Obedience to God with compassion towards man is the expectation of our Lord Jesus Christ, Matthew 23:23. Growing in holiness and following the external acts of obedience like the early church, ie following baptism and communion is important. The sacraments are followed as a rule of the church whereas growing in holiness is individual personal act before God. I am from India and I believe that the Salvation Army should immediately begin to follow these two sacraments.

On Saturday, May 29, 2021, Terry Fern said:

Excellent article, however, Jesus and the historic church believed in a "sacramental life" and still partook of weekly communion and practiced water baptism - Biblical symbols are important. There are historical reasons for the Salvation Army not practicing the sacraments but these should defer to Scripture and historic church practice. The SA is a wonderful church, but it is time to celebrate the physical sacraments that evidence spiritual obedience to Jesus and New Testament Scripture.


On Thursday, January 9, 2020, Ron Schroeder said:

Good stuff here, Thank you. I have been attending a local Sal Army Corp in IL since last March and am starting Solider class starting this Sunday so of course I am questioning stuff now. I was born, raised and baptized Lutheran LCMS but didn't come to Christ till 2014. Being a Lutheran I do understand God's Grace, I guess the whole no communion and being baptized is making me wonder but I'll just take the classes and pray to God if this is his will for me. I also work for the Army now since May of last year too.


On Wednesday, August 29, 2012, Garry Hopkins said:

I have been reading, with great interest, the comments on Colonel Carin's article The Real Sacrament. While I do concur with the concept that Salvationist can be witnesses to the idea that one can live the Christian life without the sacraments, I agree with Barbara Moulton, we ought to guard against the suggestion that "Salvationists have a deeper experience of holiness because of their non sacramental stand." The practice or non practice of the Sacraments is not necessarily synonymous with holy living.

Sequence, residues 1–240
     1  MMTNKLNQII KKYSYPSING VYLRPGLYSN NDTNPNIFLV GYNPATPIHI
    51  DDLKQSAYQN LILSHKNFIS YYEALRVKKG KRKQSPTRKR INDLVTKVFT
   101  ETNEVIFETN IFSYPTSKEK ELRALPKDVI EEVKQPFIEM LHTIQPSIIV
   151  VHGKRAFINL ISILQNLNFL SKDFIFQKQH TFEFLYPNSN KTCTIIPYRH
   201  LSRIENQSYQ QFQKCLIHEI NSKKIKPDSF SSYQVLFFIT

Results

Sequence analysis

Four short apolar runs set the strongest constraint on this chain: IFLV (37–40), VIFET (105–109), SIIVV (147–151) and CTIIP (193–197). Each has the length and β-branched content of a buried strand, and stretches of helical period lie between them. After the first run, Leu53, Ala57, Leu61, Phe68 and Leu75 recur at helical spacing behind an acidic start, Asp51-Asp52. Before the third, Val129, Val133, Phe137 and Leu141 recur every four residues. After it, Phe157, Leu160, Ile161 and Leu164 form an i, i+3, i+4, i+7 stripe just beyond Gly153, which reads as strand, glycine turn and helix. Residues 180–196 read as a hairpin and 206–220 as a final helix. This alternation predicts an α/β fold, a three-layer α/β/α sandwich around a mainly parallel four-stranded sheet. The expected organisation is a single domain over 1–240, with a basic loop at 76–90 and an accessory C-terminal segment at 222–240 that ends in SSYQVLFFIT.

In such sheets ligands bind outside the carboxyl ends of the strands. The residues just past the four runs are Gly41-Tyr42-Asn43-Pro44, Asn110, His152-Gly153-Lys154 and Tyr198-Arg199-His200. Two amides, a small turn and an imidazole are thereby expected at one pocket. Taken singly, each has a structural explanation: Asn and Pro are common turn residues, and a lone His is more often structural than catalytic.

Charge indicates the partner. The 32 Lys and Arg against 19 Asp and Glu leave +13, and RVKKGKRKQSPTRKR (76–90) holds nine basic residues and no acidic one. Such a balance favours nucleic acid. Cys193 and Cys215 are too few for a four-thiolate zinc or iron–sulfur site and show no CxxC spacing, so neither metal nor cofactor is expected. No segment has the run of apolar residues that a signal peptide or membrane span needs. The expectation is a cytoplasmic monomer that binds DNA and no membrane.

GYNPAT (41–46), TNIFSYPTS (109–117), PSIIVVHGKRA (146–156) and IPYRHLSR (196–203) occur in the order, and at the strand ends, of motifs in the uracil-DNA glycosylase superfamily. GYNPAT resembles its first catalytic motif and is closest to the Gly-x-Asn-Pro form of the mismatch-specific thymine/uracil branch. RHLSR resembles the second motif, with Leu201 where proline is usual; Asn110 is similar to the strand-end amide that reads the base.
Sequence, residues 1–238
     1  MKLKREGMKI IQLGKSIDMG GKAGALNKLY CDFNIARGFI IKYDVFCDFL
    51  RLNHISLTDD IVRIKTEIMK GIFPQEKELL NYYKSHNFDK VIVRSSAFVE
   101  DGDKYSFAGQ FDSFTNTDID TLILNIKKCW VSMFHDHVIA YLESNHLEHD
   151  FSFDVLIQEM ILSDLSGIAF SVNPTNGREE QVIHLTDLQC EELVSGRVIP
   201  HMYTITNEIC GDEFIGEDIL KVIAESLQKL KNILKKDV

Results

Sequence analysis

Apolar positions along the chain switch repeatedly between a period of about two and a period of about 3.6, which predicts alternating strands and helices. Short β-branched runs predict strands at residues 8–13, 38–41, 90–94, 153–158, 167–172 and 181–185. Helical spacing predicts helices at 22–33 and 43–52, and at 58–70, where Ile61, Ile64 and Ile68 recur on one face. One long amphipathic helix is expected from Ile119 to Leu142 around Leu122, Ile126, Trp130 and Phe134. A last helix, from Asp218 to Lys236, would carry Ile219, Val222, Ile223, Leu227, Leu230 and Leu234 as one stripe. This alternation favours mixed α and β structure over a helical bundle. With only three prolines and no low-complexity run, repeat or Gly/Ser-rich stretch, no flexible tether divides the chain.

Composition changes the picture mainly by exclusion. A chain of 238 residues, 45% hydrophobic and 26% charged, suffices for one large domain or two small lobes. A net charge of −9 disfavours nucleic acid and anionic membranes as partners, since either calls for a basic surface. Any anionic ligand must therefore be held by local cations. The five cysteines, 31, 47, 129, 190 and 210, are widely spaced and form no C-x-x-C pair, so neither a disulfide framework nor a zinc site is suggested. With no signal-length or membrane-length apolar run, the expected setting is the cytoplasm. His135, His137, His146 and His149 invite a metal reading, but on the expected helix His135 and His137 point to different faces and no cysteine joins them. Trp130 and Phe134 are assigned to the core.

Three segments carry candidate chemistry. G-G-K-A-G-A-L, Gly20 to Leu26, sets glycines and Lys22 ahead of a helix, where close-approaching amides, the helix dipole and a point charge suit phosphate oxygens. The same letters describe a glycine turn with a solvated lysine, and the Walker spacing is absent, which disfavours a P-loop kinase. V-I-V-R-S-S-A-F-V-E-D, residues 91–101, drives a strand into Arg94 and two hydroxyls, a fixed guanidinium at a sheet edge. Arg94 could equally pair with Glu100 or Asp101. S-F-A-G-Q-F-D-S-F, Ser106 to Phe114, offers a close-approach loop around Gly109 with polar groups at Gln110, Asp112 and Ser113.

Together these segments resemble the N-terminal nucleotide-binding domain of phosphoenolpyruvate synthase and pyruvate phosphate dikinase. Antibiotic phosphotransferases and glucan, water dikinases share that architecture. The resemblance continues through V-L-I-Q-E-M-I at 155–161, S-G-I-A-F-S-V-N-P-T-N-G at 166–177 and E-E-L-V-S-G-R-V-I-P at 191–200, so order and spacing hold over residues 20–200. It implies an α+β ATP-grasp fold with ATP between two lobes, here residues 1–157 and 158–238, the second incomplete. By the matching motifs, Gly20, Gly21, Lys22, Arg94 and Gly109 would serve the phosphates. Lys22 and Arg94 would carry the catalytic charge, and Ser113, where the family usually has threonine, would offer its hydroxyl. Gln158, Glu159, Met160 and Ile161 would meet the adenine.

I am happy that Moe has found a place of worship where she can practice the two sacraments espoused by Protestantism as opposed to the seven espoused by Roman Catholicism. However I am reluctant to accept the suggestion that the reason the Christian church practices the sacrament is because Jesus instituted them. I would point to two prominent theologians of both traditions who reject " the answer that declares we have them because Jesus instituted them." One of the most influential and respected Protestant theologian, Dr. Paul Tillich (in The Protestant Era) and the Catholic theologian, Donal M. Baillie (in The Theology of the Sacraments) reject that simple answer.

On Thursday, August 16, 2012, Reverend Barbara Moulton said:

I was raised in The Salvation Army and served as an Officer for nine years. When I read columns like this I am concerned, because the writer appears to forget that there are many sister denominations which emphasize holiness of life and heart AND fully embrace the sacraments of communion and baptism.

Cairns writes, "Instead of a symbolic ritual, Salvationists are called to be the outward sign of the inner presence of Jesus." The reality is that every Christian is called to be the outward sign of the inner presence of Jesus, whether we participate in communion or not. My present denomination believes in and teaches sanctification with clarity and conviction.